CP13 - USC Gould School of Law

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Agenda for 13th Class
• Admin
– Name plates
– Slide handouts
• Review 1995 Exam
• Intro to 2nd half of class
• Joinder
• Class Actions
• Intro to Subject Matter Jurisdiction
1
Assignment for Next Class I – Fed Q
• Note that the assignment for the next class is described in this and the next three
slides
– US Constitution Article III
– 28 USC 1331, 1338, 1441(a)-(b)
– FRCP 8(a)(1), 12(b)(1), 12(h)(3)
– Yeazell pp. 191-206
– Questions to think about / Writing Assignment
• Summarize Louisville.
– Your summary should include the answer to Yeazell. P. 199 Q1
• Blackboard multiple choice questions 1-4
• Questions on the next slide
– Optional -- Glannon Chapter 4
2
Assignment for Next Class II – Fed Q
• Under the FRCP as it exists today, answer the following questions about Louisville
– If plaintiffs had drafted a “well pleaded complaint,” what would have been the
key allegations of that complaint?
– If plaintiffs had drafted a well-pleaded complaint, what paper would defendant
have filed in response? What would have been the key elements of that
paper?
– How would plaintiffs have raised the unconstitutionality the Act of Congress
which the defendant alleges prohibited giving the passes that the railroad gave
the Mottleys?
– If defendant’s answer had admitted that it had given passes to the Mottleys
and had not honored them, but asserted as an affirmative defense that the
passes were invalidated by an Act of Congress, what motion could the plaintiff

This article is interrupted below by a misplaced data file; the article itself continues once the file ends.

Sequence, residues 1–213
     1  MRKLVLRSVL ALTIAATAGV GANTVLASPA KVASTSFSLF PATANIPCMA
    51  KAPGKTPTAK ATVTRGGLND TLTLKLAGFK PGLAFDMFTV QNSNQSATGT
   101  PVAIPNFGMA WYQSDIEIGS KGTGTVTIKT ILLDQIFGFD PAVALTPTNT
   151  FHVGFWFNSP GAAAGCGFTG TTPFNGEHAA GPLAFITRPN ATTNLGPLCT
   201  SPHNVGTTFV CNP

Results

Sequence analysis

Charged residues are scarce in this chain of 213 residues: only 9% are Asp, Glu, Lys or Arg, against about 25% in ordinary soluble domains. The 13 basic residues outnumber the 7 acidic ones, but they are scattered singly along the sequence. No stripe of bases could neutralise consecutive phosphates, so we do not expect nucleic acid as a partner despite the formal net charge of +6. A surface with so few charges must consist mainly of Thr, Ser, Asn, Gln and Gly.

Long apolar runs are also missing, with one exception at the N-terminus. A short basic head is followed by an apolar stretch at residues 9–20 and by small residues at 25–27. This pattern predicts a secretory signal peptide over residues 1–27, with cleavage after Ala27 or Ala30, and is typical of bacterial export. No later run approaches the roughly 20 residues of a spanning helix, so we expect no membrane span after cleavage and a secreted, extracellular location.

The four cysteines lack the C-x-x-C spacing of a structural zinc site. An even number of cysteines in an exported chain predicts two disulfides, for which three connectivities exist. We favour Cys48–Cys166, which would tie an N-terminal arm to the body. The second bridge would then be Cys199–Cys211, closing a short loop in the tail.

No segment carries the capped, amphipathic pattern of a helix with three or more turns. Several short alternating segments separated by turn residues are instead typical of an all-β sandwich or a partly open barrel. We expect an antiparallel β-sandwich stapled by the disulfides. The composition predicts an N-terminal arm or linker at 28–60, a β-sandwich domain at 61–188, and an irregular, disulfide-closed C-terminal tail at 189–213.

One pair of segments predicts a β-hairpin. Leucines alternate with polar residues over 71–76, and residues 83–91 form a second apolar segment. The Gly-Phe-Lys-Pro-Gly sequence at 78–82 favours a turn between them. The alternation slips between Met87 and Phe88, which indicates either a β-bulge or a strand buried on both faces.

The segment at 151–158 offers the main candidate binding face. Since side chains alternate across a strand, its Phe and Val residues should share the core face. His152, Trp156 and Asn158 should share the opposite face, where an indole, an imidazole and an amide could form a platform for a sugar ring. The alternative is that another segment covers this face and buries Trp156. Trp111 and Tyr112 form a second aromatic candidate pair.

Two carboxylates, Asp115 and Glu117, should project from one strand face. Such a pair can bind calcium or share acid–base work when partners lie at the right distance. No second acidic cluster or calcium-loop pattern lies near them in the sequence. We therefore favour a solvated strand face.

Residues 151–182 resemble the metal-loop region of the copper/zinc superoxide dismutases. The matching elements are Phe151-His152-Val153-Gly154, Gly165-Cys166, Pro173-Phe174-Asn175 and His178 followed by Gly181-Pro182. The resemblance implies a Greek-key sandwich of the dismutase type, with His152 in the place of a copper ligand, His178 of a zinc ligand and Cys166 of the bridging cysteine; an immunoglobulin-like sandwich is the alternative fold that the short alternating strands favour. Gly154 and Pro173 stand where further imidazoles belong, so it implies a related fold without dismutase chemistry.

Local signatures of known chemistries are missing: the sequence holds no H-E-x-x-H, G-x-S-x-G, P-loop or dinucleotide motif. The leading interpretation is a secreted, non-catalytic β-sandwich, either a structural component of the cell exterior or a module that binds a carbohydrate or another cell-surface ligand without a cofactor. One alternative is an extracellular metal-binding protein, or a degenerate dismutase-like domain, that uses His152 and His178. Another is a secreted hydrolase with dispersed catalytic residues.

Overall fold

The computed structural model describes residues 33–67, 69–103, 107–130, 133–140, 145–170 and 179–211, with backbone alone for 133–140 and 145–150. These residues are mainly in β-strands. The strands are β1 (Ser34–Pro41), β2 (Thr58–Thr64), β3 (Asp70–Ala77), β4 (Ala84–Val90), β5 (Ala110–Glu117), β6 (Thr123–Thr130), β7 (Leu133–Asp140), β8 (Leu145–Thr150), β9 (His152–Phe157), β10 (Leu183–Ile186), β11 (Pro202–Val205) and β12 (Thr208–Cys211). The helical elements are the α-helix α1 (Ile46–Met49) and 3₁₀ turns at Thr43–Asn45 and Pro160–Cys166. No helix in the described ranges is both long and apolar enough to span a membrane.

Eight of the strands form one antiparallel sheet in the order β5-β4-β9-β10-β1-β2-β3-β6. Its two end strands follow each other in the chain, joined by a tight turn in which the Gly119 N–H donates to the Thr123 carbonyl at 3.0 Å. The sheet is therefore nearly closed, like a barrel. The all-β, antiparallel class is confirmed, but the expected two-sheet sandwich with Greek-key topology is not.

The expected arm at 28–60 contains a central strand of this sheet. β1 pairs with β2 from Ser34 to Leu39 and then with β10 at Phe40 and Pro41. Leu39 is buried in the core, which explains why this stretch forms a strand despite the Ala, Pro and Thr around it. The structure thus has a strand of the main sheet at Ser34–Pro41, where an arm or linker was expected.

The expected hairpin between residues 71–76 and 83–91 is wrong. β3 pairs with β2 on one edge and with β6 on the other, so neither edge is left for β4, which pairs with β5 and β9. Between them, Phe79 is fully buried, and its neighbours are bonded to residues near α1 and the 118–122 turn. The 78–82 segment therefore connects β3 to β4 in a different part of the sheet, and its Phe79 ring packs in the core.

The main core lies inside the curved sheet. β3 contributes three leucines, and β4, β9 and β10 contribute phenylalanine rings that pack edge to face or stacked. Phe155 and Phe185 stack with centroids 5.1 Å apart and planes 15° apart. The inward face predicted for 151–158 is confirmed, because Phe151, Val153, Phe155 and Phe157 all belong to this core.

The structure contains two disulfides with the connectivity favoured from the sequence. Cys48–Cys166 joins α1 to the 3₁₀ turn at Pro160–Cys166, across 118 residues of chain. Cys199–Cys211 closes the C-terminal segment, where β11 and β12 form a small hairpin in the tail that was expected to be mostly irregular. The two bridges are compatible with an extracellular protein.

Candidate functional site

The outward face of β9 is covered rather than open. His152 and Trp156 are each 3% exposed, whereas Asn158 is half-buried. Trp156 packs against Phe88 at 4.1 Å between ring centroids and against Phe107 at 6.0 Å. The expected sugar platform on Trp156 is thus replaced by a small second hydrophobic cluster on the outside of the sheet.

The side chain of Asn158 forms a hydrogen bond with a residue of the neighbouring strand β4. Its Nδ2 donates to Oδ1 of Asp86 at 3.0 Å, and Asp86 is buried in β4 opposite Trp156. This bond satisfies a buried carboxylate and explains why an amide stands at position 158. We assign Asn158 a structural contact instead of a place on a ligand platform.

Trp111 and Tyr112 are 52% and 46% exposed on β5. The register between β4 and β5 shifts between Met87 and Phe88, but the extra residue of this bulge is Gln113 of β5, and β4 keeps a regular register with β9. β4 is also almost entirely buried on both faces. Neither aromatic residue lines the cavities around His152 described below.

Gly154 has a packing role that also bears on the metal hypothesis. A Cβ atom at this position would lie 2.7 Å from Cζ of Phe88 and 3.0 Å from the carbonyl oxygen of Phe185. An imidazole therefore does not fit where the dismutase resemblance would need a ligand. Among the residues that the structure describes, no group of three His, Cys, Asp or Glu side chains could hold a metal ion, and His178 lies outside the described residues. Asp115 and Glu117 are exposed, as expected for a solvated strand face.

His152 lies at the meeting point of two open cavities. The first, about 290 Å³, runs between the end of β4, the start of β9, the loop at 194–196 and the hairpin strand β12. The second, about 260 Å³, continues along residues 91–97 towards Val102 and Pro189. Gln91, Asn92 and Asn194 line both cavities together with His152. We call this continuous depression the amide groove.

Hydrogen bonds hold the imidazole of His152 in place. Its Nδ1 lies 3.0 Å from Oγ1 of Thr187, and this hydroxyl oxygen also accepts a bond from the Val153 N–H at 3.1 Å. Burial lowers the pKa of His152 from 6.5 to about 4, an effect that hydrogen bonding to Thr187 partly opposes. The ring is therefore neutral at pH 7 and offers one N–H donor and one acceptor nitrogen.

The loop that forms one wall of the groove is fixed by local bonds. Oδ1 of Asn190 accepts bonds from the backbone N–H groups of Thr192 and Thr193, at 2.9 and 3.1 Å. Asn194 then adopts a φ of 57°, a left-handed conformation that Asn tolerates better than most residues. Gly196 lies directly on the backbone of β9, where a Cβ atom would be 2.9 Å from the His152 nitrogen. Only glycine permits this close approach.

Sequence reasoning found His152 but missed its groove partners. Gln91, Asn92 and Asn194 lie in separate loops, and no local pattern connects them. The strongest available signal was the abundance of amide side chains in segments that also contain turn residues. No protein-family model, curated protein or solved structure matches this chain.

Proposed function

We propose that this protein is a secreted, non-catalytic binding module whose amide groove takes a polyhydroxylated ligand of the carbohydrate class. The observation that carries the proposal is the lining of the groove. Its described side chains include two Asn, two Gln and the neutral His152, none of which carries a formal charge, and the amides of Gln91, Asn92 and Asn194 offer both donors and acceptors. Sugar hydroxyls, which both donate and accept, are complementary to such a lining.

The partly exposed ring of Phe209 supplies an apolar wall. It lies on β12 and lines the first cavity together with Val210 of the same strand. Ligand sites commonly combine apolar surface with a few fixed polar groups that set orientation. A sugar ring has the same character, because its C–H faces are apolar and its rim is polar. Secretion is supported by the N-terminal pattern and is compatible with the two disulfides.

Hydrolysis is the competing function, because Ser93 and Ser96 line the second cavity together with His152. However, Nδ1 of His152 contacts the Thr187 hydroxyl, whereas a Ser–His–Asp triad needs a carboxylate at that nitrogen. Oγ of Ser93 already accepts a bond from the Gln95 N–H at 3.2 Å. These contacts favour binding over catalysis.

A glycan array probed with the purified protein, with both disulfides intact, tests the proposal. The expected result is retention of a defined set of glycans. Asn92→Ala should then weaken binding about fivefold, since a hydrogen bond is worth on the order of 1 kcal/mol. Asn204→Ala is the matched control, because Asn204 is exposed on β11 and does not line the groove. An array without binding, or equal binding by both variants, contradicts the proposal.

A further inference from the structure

have made in order to get judgment without discovery or trial?
• Yeazell pp. 199ff Qs 3, 4b
3
Assignment for Next Class III -- Diversity
• 28 USC 1332
– Focus on 1332(a)
– 1367(d) is Class Action Fairness Act (2005)
• 28 USC 1369 (skim)
• Yeazell pp. 207-21
• Briefly summarize Redner
• Yeazell Pp. 209 Q1, 3b, 4,
• Suppose P is a citizen of Turkey, and D is a citizen of Egypt admitted to permanent
residence in the US and domiciled in MA. P sues D in federal district court to
collect a $100,000 debt. Is there federal jurisdiction?
– First consider this question under the current of 28 USC 1332(a) (the version in
your Rules Pamphlet
– Now consider this question under 28 USC 1332(a) as it existed before 2011 (See
next slide)
• Does the older statute give you a different answer?
• If so, is that answer constitutional under US Constitution, Article III, Section
2?
• Would a purposivist interpretation of the text give you a different answer
than a textualist interpretation?
• Can you see why 28 USC 1332(a) was amended in 2011?
• Optional. Glannon Ch 5
4
28 USC 1332(a) before 2011 Amendment
• The district courts shall have original jurisdiction of all civil actions